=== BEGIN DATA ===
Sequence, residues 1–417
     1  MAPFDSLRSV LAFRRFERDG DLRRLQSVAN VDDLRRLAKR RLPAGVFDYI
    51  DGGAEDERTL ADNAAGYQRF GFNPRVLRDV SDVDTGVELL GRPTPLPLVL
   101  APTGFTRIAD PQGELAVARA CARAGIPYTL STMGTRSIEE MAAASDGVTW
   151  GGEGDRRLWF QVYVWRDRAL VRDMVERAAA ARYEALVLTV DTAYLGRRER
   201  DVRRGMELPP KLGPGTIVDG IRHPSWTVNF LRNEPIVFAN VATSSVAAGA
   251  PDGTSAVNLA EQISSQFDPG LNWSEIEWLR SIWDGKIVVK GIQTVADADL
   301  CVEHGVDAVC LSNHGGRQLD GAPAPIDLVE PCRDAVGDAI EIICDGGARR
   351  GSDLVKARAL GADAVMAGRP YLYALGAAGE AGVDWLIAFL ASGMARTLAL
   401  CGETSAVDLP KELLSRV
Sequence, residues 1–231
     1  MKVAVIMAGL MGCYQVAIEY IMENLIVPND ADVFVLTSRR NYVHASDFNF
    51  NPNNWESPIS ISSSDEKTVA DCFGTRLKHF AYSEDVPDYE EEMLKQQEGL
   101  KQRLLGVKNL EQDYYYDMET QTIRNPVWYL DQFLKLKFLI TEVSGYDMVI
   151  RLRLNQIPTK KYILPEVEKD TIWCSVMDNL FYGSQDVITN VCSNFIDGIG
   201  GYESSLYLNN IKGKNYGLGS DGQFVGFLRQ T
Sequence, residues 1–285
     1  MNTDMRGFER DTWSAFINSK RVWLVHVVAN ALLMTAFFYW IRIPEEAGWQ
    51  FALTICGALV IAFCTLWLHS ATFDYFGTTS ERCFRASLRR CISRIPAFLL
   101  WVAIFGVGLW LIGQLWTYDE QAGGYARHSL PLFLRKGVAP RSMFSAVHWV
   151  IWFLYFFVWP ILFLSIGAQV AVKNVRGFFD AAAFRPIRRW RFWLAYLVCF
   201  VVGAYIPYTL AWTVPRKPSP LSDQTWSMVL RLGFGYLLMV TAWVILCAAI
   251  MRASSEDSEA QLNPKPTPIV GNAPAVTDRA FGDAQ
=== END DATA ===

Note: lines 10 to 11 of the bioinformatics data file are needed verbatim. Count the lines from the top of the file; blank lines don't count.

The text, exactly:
   401  CGETSAVDLP KELLSRV
Sequence, residues 1–231